The UK Bible Students Website
By W. Resume
It is fashionable for the media to breathlessly toss around the expression, ‘the next superpower’, with reference to China. The term dates to at least 1944, when it was applied to the British Empire, the United States of America, and the Union of Soviet Socialist Republics (USSR). With the dismantlement of the British Empire, the definition embraced the Soviet Union and the U.S., measured by reference to the number of nuclear armaments possessed by each nation (many times more than those held by other acknowledged nuclear powers, Britain, France and China), and the political clout each exercised via proxies and alliances – their respective spheres of influence.
Notwithstanding its achievements in space (Sputnik, Yuri Gagarin – the first man in earth-orbit), the Soviet Union had by the 1960s become a hollowed-out society, with rampant poverty and a medieval, regressive attachment to political repression, exemplified by the concrete and barbed-wire barrier, the Berlin Wall. Since, then of course, the mighty USSR has ‘shrunk’ into Russia, a nation smaller in power and political terms, though at over six million square miles and ranging across nine time zones, it is geographically larger than any other country.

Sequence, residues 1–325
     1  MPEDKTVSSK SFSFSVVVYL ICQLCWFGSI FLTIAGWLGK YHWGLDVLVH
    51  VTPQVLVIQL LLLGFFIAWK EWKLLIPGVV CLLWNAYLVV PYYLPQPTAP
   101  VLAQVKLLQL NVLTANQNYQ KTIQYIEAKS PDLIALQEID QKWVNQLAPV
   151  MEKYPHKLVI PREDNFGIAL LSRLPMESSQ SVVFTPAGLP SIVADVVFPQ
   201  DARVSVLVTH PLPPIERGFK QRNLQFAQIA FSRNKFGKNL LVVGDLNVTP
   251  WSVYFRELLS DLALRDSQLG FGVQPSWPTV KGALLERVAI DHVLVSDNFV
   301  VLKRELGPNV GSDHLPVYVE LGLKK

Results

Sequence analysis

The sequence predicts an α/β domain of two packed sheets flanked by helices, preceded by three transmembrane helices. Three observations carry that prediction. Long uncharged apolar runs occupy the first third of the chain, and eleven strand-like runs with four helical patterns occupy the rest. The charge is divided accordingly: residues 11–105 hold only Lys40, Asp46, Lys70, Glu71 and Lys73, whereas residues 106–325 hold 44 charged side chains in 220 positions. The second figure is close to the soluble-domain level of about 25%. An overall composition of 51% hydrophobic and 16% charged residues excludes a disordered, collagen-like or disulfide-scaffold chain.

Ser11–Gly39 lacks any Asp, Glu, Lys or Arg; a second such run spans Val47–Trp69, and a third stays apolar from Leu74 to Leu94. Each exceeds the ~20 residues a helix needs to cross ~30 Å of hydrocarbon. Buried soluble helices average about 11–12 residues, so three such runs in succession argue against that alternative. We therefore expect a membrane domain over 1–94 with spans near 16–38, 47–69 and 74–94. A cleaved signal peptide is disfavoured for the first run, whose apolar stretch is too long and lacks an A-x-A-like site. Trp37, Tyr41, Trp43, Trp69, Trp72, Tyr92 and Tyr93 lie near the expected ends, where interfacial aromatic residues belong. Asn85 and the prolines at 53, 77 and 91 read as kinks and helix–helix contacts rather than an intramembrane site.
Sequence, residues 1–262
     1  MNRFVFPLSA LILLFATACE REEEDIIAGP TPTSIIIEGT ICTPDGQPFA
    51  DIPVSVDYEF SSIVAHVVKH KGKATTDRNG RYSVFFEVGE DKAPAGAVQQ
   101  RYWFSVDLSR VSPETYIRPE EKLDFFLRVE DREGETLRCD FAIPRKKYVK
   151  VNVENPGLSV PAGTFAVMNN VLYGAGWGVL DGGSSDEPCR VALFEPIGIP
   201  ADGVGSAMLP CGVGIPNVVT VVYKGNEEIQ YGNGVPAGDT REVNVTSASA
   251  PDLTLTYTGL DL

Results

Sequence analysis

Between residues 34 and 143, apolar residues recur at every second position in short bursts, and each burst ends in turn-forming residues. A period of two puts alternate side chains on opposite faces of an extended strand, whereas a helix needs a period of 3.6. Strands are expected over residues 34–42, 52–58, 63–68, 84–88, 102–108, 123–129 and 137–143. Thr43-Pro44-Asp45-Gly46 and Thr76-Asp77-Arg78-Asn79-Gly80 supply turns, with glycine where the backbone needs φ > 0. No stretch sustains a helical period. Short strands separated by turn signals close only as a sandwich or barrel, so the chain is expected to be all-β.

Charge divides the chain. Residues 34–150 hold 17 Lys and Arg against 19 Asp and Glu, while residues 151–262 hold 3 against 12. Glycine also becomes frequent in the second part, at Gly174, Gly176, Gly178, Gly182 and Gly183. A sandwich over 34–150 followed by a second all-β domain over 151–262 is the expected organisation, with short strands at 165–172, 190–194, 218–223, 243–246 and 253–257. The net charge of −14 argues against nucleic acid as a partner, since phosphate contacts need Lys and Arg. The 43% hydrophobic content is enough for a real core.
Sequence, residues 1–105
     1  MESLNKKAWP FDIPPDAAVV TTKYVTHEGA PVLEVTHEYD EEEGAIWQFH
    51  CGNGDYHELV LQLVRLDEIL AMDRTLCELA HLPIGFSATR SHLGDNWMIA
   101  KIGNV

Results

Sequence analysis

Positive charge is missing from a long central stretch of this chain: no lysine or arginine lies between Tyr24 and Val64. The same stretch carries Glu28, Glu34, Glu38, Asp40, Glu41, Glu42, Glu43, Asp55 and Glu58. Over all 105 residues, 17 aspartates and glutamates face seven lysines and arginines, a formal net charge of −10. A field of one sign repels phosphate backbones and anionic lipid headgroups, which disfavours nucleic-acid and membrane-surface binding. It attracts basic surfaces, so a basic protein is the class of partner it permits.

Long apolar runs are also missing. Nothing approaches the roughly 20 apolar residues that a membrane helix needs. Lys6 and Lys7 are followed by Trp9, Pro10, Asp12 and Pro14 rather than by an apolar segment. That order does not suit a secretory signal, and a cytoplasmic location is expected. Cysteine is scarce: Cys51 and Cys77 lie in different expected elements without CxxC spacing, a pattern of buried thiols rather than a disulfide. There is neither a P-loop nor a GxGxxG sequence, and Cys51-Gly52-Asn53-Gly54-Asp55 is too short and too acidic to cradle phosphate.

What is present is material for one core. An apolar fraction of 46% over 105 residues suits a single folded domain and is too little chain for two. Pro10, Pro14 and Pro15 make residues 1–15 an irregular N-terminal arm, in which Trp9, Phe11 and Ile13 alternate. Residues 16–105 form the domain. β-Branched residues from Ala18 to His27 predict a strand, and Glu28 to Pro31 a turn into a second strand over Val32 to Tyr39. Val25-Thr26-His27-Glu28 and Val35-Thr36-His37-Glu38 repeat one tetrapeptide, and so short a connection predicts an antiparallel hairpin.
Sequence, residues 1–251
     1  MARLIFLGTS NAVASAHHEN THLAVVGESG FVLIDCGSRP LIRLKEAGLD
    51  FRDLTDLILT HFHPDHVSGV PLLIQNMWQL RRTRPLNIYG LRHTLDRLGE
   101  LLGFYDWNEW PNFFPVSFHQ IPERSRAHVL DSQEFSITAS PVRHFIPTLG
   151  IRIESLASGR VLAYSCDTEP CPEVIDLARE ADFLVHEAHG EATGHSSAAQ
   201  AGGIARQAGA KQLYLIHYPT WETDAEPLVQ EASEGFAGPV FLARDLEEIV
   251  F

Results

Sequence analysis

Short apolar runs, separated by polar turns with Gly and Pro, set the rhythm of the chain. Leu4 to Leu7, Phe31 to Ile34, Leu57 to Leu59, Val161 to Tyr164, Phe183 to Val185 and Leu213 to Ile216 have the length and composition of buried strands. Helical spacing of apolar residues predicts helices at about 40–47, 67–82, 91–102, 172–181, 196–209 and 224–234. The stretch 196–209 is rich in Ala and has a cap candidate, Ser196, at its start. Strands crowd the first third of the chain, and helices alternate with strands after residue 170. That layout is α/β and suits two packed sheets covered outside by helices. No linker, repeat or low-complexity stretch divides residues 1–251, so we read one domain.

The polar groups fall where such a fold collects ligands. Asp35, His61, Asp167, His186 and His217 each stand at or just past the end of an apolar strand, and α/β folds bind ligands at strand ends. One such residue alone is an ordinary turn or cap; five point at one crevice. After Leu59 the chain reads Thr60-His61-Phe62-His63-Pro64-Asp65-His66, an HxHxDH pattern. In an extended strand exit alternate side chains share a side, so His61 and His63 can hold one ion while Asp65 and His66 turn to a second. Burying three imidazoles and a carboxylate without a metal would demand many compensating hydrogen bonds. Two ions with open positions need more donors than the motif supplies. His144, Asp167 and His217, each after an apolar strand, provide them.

This leaves the U.S., which does fit the definition of ‘superpower’ more aptly than the USSR did or ever could have. Even in this second decade of the twenty-first century, the empire of the United States remains implicitly the definition of ‘superpower’, a description which implies global reach in more than mere military or political terms.
To be a true superpower a nation must possess at least these three characteristics:
The USSR did not meeting these basic requirements, lacking as it did the Economic-Financial and Cultural components. The mark of a true superpower is its ability to reshape the essential characteristics and identity of all other nations with which it comes into contact.
China is unlikely to attain this level.